I think the story was wonderfully original. The idea of a modern world coping with dragons is interesting. Kay was a nice strong character and her boyfriend is suprisingly understanding and not the typical raging hormones teenage boy which was refreshing. I feel like the story didnt really pick up until near the end thought and i wish the plot could have been developed better. also i wanted some more closure with the ending. its not a bad ending but it leaves me feeling like either there might be a sequel or thats it and i wish the author expanded it.
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5 of 5 people found the following review helpful
4.0 out of 5 stars Fascinating Human-Dragon Relationships in a Modern World, April 21, 2010
This review is from: Voices of Dragons (Hardcover)
VOICES OF DRAGONS, Carrie Vaughn's YA debut, is a fascinating blend of modernity and the ageless awe of dragons. From the start, I was effortlessly pulled into Kay's world and greatly enjoyed this unique tale that melds new with old.

The greatest strength of this book is in its world-building. Carrie Vaughn easily creates for us readers a world in which it is natural for humans and dragons to coexist in an uneasy sort of peace. The presence of dragons is smoothly intertwined with our own history, and Kay's border town is a well-drawn location of new troubles but classic fears, of dragon raid drills among a world of high school relationships, rock climbing, and the wild beauty that is Montana.

While the plot is comparatively simple and even a little slow at points, Vaughn's depiction of the dragons is enough to hold our attention despite the plot's conventionality. Artegal, through Kay's eyes, is an astonishingly complex character, with the dangerous majesty of that mysterious race. In comparison, Kay is relatively unextaordinary: she rarely gets a strong, standout voice.

But that was okay by me for this book. Carrie Vaughn is an accomplished writer whose smooth prose can make even the most basic story elements shine. VOICES OF DRAGONS is unlike anything I've read before, and not only will I pounce on the sequel when it comes out, this book has also reawakened my interest with dragons in literature. Check it out: I dare you!
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4 of 4 people found the following review helpful
3.0 out of 5 stars A really good, strong start....let the series begin!, April 5, 2010
This review is from: Voices of Dragons (Hardcover)
Voices of Dragons - well, hmm - I was not sure exactly what this story would be like when I picked it up...from the synopsis I was sure it would be good - I mean, dragons, friendship, possible war - what's not to get worked up about! So even though had not seen anything more than a few Waiting on Wednesday's about this book, when I saw it at the book store, I just had to give it a chance.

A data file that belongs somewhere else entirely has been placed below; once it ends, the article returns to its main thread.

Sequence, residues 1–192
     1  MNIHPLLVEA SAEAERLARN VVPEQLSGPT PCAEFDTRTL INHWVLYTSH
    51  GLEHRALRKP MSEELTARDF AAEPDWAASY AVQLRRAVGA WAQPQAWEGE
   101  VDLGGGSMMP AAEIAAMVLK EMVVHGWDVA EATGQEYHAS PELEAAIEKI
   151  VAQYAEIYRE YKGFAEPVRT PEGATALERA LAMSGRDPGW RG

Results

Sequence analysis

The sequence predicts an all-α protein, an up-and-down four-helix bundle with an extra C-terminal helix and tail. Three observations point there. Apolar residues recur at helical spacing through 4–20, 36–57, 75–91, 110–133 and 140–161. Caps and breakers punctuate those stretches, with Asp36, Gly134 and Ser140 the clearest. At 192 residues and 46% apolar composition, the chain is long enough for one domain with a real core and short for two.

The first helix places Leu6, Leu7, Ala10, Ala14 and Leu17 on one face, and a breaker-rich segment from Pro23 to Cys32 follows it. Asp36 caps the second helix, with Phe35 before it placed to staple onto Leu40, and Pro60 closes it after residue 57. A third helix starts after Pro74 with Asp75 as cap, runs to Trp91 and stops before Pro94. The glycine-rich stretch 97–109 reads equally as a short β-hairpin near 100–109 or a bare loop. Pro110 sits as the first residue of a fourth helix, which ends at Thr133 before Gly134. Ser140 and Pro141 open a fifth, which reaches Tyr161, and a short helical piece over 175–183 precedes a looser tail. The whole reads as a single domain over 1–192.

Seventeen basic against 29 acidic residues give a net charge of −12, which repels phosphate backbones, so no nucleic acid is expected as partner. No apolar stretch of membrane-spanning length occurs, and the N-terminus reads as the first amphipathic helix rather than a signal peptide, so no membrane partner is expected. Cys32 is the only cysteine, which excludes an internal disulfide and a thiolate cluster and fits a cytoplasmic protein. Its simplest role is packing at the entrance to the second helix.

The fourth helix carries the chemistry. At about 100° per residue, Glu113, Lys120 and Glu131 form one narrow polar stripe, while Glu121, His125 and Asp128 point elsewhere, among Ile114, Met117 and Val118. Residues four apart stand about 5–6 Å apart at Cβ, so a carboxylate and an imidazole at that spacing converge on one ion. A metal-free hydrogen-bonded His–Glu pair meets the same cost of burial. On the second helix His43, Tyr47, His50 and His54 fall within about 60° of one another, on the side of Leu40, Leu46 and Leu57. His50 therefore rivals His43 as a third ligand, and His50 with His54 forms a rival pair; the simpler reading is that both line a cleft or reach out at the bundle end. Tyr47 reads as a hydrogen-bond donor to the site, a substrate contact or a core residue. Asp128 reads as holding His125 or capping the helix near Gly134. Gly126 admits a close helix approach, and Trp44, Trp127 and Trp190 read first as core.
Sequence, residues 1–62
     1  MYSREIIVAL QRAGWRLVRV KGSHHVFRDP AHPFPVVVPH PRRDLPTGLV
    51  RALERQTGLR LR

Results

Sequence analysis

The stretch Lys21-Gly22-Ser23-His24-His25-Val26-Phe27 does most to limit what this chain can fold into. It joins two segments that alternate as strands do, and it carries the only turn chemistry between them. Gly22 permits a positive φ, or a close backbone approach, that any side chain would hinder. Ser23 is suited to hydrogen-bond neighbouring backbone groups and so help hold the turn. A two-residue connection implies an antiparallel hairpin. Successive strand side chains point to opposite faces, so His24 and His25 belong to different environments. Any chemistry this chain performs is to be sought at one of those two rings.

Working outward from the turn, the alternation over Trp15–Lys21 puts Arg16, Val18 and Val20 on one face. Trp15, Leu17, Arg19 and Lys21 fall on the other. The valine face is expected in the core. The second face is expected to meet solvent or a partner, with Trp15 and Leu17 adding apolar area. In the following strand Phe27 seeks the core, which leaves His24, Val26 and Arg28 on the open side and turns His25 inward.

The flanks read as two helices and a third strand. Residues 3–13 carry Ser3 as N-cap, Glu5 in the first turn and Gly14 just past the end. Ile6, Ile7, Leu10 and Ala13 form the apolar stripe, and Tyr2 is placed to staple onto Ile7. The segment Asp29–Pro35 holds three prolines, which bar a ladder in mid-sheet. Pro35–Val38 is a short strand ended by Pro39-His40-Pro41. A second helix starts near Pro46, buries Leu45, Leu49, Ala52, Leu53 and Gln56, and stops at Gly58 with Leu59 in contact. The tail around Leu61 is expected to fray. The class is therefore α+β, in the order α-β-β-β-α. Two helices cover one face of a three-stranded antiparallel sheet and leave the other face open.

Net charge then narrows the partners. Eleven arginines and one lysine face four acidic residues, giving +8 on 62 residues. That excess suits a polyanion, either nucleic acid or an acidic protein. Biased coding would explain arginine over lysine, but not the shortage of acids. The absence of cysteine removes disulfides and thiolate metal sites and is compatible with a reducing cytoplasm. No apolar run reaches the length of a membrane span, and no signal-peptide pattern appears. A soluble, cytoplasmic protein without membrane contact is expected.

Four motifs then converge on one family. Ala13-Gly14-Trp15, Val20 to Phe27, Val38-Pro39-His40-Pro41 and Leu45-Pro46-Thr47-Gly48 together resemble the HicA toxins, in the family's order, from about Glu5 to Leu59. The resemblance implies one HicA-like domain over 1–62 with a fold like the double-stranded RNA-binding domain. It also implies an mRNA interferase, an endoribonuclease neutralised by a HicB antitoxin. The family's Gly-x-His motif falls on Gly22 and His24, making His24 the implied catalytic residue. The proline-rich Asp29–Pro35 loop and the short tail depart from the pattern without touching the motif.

I am glad I did - though I did feel like it was a tad flawed, all in all, I enjoyed it.

I liked the main protagonist, Kay - though she was just OK for me, nothing special, nothing about her stood out or made me root for her, especially. She's just a teenager whom seemed a bit one sided. She wanted, it seemed, to do what was best for the dragon's and help prevent war, but all in all, I was not sure as to WHY this cause was so important to her.

I just really felt like I just did not know her well enough to like her, or not like her. All, I got was that she's a teen, a virgin, a rock climber, and has parents that help protect the borders; that's kinda it.

I did really like Artegal, the dragon - it was fun seeing how Carrie went about creating him, her words almost floating effortlessly off the page when referring to him. I felt like Artegal's strength, beauty and power, jumped off the page to where I could close my eyes and picture him standing there. The way his breath smelled, his effortless facial expressions...Carrie has what I can only call an amazing way with words, her descriptions were nothing short of awesome!

Carrie also created a world in which these characters lived with such beauty, I nearly felt like I was flying when Artegal would take off, could feel the rock beneath Kay as she dug in to a rock face, could feel the agony of the ropes cutting into Kay's fingers as she held on for dear life, when Artegal took her on there first flight. Carrie Vaughn has a way with words that I can only call effortless, and breathtaking!